There's no way around it: losing money feels awful, and when losses start to stack up, it's human nature to start looking for somebody to blame. For many investors, the obvious culprit is the broker or financial advisor. Here we focus on possible disputes with your financial professional and how to deal with these problems. (For related reading, see Is Your Broker Acting In Your Best Interest?)
Know Your Rights!
When you entrust your money to a financial professional, he or she has a duty to perform to a certain standard. In other words, as an investor, you have a number of rights. The North American Securities Administrators Association (NASAA) details your entitlements in its Investor Bill of Rights. Odds are, if any of these rights have been declined by your broker or advisor, you might have a case.
When you invest, you have the following rights:
- To ask for and receive information from a firm about the work history and background of the person handling your account, as well as information about the firm itself
- To receive complete information about the risks, obligations and costs of any investment before investing
- To receive recommendations consistent with your financial needs and investment objectives
- To receive a copy of all completed account forms and agreements
- To receive account statements that are accurate and understandable
- To understand the terms and conditions of transactions you undertake
- To access your funds in a timely manner and receive information about restrictions or limitations on access
- To discuss account problems with the branch manager or compliance department of the firm and to receive prompt attention and fair consideration of your concerns
- To receive complete information about commissions, sales charges, maintenance or service charges, transaction or redemption fees, and penalties
- To contact your state or provincial securities agency for any the following reasons: to verify the employment and disciplinary history of a securities salesperson and the salesperson's firm, to find out if an investment is permitted to be sold and to file complaints
Source: Financial Industry Regulatory Authority
Don't Jump the Gun
An important point is that simply losing money on an investment doesn't mean you can sue your advisor for bad advice. Remember, nowhere in the Bill of Rights does it say that investors are guaranteed a return! Markets are risky by nature. When you invest, you must take on some risk against which no law or regulation can provide protection. You should file a complaint only if you believe you've been defrauded - simply losing money isn't enough. (For further reading, check out Understanding Dishonest Broker Tactics.)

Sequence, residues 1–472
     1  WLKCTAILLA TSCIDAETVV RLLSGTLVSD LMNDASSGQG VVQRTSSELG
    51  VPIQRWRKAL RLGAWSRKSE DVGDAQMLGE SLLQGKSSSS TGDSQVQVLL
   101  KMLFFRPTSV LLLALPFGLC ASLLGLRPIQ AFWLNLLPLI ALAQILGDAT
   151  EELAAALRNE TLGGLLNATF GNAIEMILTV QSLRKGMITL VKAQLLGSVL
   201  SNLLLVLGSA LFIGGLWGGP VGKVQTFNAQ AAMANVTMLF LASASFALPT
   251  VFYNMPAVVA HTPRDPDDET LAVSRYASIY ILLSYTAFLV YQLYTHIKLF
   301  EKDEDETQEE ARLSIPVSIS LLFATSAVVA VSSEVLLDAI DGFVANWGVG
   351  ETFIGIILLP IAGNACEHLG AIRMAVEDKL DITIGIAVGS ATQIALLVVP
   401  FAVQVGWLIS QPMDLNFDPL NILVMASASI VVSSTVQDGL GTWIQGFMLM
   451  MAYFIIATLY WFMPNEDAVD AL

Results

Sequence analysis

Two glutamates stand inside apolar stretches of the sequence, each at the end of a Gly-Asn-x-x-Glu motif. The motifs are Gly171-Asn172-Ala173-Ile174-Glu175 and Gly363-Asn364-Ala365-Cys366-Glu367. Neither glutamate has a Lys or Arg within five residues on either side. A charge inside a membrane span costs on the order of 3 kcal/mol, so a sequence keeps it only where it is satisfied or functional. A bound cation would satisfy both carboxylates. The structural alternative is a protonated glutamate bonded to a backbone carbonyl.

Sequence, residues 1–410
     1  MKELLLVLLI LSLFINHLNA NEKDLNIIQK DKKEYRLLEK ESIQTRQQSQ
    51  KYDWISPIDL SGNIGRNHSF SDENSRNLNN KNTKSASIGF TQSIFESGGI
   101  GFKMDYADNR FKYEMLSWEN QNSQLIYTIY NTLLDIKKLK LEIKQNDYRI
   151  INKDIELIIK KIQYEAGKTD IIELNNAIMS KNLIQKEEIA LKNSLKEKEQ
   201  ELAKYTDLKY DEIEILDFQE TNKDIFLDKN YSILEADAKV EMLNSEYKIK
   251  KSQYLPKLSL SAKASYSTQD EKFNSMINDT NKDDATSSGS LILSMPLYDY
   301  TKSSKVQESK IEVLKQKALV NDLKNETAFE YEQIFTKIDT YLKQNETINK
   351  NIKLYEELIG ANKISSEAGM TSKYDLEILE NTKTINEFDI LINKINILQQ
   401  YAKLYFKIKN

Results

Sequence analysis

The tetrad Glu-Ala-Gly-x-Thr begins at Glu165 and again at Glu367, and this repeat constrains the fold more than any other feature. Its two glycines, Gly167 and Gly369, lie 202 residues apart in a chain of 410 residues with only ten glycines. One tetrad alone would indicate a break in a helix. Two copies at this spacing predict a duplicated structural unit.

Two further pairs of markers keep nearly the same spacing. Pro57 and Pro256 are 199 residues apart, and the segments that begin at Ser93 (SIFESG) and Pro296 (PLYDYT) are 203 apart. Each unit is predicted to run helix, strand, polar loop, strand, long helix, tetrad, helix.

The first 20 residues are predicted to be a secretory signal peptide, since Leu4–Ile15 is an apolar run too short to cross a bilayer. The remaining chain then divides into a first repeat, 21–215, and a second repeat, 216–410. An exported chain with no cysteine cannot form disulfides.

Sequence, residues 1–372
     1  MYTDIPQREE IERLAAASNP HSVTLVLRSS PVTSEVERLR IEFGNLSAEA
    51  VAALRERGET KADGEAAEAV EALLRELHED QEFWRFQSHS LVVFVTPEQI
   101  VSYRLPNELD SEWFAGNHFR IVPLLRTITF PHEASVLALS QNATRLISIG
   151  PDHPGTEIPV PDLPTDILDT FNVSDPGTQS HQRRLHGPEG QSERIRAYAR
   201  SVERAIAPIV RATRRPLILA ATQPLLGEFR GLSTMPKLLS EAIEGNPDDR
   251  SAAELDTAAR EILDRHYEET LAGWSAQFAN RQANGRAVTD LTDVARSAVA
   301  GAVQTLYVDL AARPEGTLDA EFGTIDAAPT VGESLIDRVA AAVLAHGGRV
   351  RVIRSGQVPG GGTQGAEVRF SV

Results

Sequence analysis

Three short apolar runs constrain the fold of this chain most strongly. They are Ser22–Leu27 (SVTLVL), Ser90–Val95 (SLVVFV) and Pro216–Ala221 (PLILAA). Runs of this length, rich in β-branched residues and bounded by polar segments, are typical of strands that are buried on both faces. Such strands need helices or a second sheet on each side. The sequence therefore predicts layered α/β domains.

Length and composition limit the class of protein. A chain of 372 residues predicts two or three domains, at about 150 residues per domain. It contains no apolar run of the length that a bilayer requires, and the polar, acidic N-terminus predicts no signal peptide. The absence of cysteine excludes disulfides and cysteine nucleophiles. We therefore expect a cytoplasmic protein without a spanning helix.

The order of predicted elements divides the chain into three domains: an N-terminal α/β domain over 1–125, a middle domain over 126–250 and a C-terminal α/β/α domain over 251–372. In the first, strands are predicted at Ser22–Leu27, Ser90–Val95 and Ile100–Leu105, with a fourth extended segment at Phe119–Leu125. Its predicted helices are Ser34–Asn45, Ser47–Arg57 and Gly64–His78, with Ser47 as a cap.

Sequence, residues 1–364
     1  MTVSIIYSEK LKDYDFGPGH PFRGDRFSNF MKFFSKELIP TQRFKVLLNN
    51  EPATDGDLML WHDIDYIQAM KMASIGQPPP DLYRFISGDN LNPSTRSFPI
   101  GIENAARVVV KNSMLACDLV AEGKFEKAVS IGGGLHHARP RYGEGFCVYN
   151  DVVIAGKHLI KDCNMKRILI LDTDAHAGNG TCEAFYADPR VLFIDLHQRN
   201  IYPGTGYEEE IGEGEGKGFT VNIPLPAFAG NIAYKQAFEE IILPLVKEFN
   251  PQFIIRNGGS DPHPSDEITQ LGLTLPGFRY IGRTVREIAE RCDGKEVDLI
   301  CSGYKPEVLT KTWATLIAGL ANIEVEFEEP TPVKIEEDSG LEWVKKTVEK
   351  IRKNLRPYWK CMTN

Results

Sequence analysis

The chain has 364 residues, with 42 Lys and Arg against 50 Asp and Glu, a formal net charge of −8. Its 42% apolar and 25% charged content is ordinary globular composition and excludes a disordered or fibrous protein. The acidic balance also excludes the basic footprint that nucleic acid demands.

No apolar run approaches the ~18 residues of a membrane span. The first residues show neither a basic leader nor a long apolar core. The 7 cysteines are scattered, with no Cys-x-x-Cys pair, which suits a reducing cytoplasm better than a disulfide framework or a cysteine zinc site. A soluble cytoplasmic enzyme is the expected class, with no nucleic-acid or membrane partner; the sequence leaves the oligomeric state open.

According to the Financial Industry Regulatory Authority (FINRA), the most common complaints against brokers and advisors are misrepresentation and unsuitability:
- Misrepresentation - falsehood or omission of facts in relation to an investment. This is a classic case of a client believing he or she was told one thing and then finds out after the fact that what he or she understood to be true was not the case.
- Unsuitability - when a financial advisor or broker invests a client's money in a security that is not suitable for the customer's investment objectives. An example of this is an advisor investing large sums of money in high-risk securities for a person who is 75 years of age and has a low risk tolerance. (Make sure you're getting the best service by staying informed and involved; read Evaluating Your Broker.)
How to File a Complaint
If you think that you have a legitimate dispute with your broker or advisor, there are a couple steps you can take. If your complaint is against a stockbroker, you need to file a dispute with either the Securities and Exchange Commission (SEC) or FINRA.
Many financial professionals are members of a charter organization (you can usually tell by the acronyms after their name). These organizations also have standards and codes of ethics, so it's worth lodging a complaint with them as well. For example, if your complaint is against a Certified Financial Planner (CFP), you can file with the Certified Financial Planner Board of Standards. If it is against a Chartered Financial Analyst (CFA), you can contact the Association of Investment and Research.
Contacting your state or provincial securities commission is another avenue to take. Each state or province has a division that handles complaints against brokers, advisors and financial planners.
If these options don't work, your final course of action is to hire an attorney.
Choosing the Right Broker
The best way to avoid unscrupulous or fraudulent brokers is to do your homework beforehand. Always check the background of the firm and broker or planner for any disciplinary problems in the past. Ask the planner about his or her investment style and what style they feel would be best for you. Asking these questions not only gives you a better understanding of the broker, but gives you something to fall back on if you feel that your money has been placed in investments that do not coincide with your original objectives.
Securities regulators in the United States have made most of this information relatively accessible through the Central Registration Depository (CRD), a disciplinary and employment database available from NASD Regulation. On the FINRA website you can perform online searches for certain information and request that a detailed report be sent to you.
Finally, perhaps the most important thing an investor can do is be honest. If your broker or advisor suggests an investment that you don't understand, say so. An honest and credible advisor is one who will spend the time to ensure that you fully understand an investment beforehand.
For further reading, check out Picking Your First Broker.